REVIEW: ‘Armorclads’ is an Unfortunate Miss

Unfortunately, Manuel García and Miguel Sepulveda’s ‘Armorclads’ is a miss that would’ve benefited from being fleshed out better.

As a big Pacific Rim/Gundam/build robot suits and have them beat the crap out of each other kind of guy, I quickly jumped at the chance to review Armorclads for the site. Mechs? Check. Dystopian future? Check. Legacy-spanning conspiracies? Triple check! So, imagine my disappointment in seeing that Armorclads just did not live up to the expectations I had for it. This could have expanded the Valiant universe in a very real way, but it teeters between nonsensical and lackadaisical, and that is its biggest crime.

Let’s start with the artwork: Manuel García and Miguel Sepulveda deserve some credit in the world for making this world pop despite an overuse of dark hues. This is a joke: I am admittedly not sure what aesthetic they were going for with their artwork, but unfortunately the color choices they make did nothing to make me excited to return to this world. Their biggest mistake, in my opinion, is they did not make each character distinct enough. When you are building out a world like this, the second most important thing (beyond the actual story) is that every character you’re introducing is memorable even if their appearance is short-lived. In a comic like this, where we are being transported to a world we have very little reference for, the artists have such a responsibility to design this world so that it is both accessible and it pulls you in. They sadly did not deliver here, and that is the first misstep.

The next misstep is the story. There is so much exposition about the world the story takes place in, which would not have been needed if the artwork was used to show the world. I would much rather have been shown this world, while the story told me about the characters living in it, than to spend half a short read like this being told why I should care about this long-forgotten war. Being told that these suits are capable of legendary fears? Also a mistake. Why were we never shown what they could do? This is where the piss-poor art decision causes the story to dovetail even more, except this time I put more blame on the writers because it is their choice to spend even more time telling us why we should even care about this story to begin with. Building out this world’s inhabitants would have made readers care about the use of these powerful entities, but instead you’re left to quickly have to care about the main characters and everything that happened to get us to this point in this universe. The writing was awful, from start to almost finish, with little redeeming qualities for most of the story.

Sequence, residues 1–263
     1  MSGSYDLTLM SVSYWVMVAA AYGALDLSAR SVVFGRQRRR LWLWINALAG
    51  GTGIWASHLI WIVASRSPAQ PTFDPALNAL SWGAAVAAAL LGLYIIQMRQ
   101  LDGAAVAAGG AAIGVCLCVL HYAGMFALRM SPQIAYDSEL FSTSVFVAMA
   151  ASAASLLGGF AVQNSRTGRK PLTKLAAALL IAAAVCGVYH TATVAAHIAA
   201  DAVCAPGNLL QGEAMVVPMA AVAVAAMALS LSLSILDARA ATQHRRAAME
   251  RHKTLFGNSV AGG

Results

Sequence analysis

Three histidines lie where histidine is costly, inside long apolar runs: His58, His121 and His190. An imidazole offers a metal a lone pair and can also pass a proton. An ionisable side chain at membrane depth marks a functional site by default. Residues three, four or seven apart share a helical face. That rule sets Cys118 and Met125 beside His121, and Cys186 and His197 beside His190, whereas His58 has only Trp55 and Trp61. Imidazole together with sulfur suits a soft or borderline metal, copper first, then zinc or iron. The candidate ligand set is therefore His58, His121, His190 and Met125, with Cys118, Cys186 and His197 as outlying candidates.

Here we get to the little bit of good in this, and why this is so disappointing to write: the story begins to get better around the 3/4th story point, but it is only because the story is now simplified to an extent. The complications of this destiny-like journey our main character is on rear their head at the end when we are just supposed to accept that they’re the “chosen one.” By this point, it was hard to even care that this was pre-ordained or connected to the war from eons ago. The protagonist was forgettable, as was the world, and most of the story, and it just feels like someone dropped a multitude of balls from the idea phase of this story to the implementation.

Overall, Armorclads feels like a 1-star title. The story should’ve been fleshed out differently, so as to make the final reveal mean more. Instead, we got an exposition-heavy story with a boring protagonist and a forgettable McGuffin amidst really poor art.

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